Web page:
by Dr. Miles Davis
Dean, The Byrd School of Business
Those of us in the field of leadership and business development are asked this question quite often. You won’t be surprised to learn that I believe leaders can be made, since the making of future business leaders is at the heart of our mission and curriculum here at the Harry F. Byrd, Jr. School of Business. It is not, however, a question to be dismissed lightly, and the complexity of leadership requires us to look at the question seriously and critically.
It appears that leadership is often a blend of innate ability, education, training, and experience, with innate ability only accounting for about a fourth of the whole. Researchers have identified traits such as extraversion, charisma, and intelligence (or perceived intelligence) that are often associated with leaders, but these traits appearing in youth are not as predictive of future leadership effectiveness as one might think. They must be coupled with training, conditioning, and experience. Equally important are other traits that can be developed and cultivated such as social intelligence, responsibility, and empathy, as well as listening and analytical skills—traits that are often found naturally among introverts.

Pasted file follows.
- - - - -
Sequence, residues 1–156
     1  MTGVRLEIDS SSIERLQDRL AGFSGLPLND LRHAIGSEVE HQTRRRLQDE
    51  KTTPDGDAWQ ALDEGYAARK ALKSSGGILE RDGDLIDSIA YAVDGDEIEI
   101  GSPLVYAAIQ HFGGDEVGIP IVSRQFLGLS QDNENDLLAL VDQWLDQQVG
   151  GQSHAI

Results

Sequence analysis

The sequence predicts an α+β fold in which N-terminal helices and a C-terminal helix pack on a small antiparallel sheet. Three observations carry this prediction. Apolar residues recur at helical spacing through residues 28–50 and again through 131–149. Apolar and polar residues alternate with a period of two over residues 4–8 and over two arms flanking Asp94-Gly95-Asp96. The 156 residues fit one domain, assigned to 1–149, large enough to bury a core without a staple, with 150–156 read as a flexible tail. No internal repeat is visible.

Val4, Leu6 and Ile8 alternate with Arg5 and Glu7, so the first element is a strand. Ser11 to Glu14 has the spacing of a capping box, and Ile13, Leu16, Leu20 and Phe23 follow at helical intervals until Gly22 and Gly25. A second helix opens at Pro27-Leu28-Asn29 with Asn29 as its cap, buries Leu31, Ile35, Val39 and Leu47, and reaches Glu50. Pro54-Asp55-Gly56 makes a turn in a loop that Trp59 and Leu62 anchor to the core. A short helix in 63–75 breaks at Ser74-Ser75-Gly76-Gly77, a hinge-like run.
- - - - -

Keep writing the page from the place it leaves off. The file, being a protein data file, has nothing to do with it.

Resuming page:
What we see time and again with our students at the Byrd School of Business is that no matter what their background or whether they are extraverts or introverts, they will become strong leaders when they embrace the following:
- They are committed and focused.
- They immerse themselves in the curriculum to build a strong academic foundation.
- They observe and benefit from the real world experience of our outstanding faculty.
- They take advantage of internships, mentorships, and other leadership opportunities.
- They work on self-awareness and self-development.
Every day I see future leaders being made. Never have I been so confident about the future.